Characterised by large RBCs

29

Why does macrocytic anaemia occur in folate deficiency?

Slow repair of DNA damage

30

Is macrocytic anaemia because of folate deficiency common?

No, but some anticancer drugs can interfere with folate levels > deficiency

31

How is macrocytic anaemia treated?

Extra folate

32

What is the relationship between folate and vitamin B12?

Need each other for activation

33

What is vitamin B12 needed for?

Regenerated levels of methionine
DNA and RNA synthesis

34

Why do vitamin B12 levels decrease slowly?

Recycled for re-use

35

Where is vitamin B12 found?

Only in animal products
Almost all of vitamin B12 in plants inactive > vegans at risk of deficiency

36

How is folate activated?

Folate in food as polyglutamate = inactive
In intestine - breaks off glutamates > adds methyl groups > absorbed and delivered to cells = inactive
In cells trapped in inactive form
Vitamin B12 removes and keeps methyl group
- Removal of methyl activates folate
- Addition of methyl activates vitamin B12

37

How does a vitamin B12 deficiency lead to damage to myelin sheaths of peripheral nerves?

Levels of metabolic intermediates like methylmalonine CoA build up
Cause damage to myelin sheath

38

What are the symptoms of vitamin B12 deficiency?

Reduced performance on tests of intelligence and short-term memory
Creeping paralysis starting in extremities

39

What are the symptoms of an inability to activate folate?

Megablastic anaemia
- Often 1st symptom of vitamin B12 deficiency

40

What would be the effect of treating megablastic anaemia of a patient with vitamin B12 deficiency with folate?

Rapidly fix anaemia
Still have vitamin B12 deficiency
Peripheral nerve damage continues

41

What is the number one cause of preventable intellectual disability in children?

Iodine deficiency

42

What does a major iodine deficiency cause?

Goitre

43

Why may have mild iodine deficiency recently re-emerged in Australia?

Lower salt diet

44

Are difficulties in school caused by a mild iodine deficiency reversible with iodine supplementation?

Yes

45

What does severe iodine deficiency during pregnancy cause?

Severe and irreversible physical and mental retardation = cretinism

46

What is the most common deficiency in the world?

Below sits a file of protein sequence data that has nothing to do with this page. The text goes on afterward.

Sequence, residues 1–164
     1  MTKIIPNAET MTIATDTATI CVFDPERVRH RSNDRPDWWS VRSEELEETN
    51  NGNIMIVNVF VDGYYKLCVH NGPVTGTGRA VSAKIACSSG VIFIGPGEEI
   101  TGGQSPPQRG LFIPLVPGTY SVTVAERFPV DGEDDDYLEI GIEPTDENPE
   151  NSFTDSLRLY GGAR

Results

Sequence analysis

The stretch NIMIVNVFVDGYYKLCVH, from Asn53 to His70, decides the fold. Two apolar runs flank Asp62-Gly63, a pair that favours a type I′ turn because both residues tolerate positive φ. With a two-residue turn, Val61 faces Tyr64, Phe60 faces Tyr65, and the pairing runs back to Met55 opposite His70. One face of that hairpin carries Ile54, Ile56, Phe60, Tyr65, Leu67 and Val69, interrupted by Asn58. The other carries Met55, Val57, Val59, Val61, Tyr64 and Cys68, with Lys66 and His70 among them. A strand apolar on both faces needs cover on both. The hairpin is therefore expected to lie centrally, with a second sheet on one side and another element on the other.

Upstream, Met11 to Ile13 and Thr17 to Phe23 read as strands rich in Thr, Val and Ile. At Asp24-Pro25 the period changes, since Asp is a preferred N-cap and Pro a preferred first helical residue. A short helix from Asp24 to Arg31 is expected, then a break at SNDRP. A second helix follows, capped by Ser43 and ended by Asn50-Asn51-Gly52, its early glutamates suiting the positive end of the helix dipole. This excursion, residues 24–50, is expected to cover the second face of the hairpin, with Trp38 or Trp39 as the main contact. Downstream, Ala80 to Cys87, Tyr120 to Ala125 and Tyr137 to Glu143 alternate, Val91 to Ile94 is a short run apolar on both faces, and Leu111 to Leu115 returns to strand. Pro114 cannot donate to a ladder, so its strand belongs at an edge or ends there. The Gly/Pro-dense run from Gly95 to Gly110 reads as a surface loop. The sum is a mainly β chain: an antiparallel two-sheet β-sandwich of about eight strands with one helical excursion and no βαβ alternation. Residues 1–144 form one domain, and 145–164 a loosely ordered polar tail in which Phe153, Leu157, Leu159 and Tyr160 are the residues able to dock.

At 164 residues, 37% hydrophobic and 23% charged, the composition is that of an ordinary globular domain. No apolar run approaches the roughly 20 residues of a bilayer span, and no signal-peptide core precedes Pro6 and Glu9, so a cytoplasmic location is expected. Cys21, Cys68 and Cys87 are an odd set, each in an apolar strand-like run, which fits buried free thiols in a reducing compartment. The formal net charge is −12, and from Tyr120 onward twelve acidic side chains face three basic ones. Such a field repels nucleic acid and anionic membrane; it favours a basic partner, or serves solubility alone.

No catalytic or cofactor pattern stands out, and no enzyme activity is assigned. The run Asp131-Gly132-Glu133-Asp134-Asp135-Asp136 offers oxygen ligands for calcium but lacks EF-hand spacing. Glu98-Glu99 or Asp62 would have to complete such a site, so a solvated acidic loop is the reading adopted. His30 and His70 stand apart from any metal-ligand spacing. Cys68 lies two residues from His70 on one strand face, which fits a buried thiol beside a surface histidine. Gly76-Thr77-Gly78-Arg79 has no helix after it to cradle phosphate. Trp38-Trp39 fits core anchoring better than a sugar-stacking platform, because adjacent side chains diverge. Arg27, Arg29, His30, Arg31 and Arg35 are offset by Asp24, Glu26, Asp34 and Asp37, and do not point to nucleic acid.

Fe

47

What is iron a part of?

Haemoglobin and myoglobin
P450 enzymes
Lysosomal enzymes
Ribonucleotide reductase

48

Why is iron never found free in the body?

Extremely toxic

49

How is iron kept in the body?

Bound to transport/storage proteins

50

From where is iron recycled in the body?

RBCs

51

How are iron stores depleted?

Shedding of intestinal and skin cells
Blood loss through menstruation in women

52

Why do children need more iron?

To increase blood volume

53

What is thiamine used for in the body?

Essential part of coenzyme thiamine pyrophosphate

54

What does severe thiamine deficiency cause?

Beriberi
- Oedema
- Muscle wasting

55

Is thiamine deficiency common in Australia?

No, rare
Except when caused by alcoholism

56

What are the dietary risks associated with alcoholism?

Low intake
Impaired absorption
Alterations in storage
Possibly increased excretion

57

How can absorption be impaired in alcoholism?

Damage to cells lining intestine
Alterations in function of pancreas > reduced digestive enzyme production
Alterations in fat absorption limits intake of lipid soluble vitamins
- A
- E
- D

58

How can storage be altered in alcoholism?

Decreased liver function > decreased vitamin A store

59

What vitamins and minerals are vegans at risk of being deficient in?

Vitamin B12
Vitamin D
Fe
Ca
Zn

60

Why are calcium and vitamin D important in the elderly?

Vital for preventing loss of Ca from bones > reducing risk of fractures

61

Why may the elderly develop deficiencies?

Harder to shop for fresh foods
Harder to cook
Could be cooking for just 1
Tastes and appetites change
Dental problems/dentures can make chewing harder
Changes in digestion and absorption through
- Age
- Disease
- Medication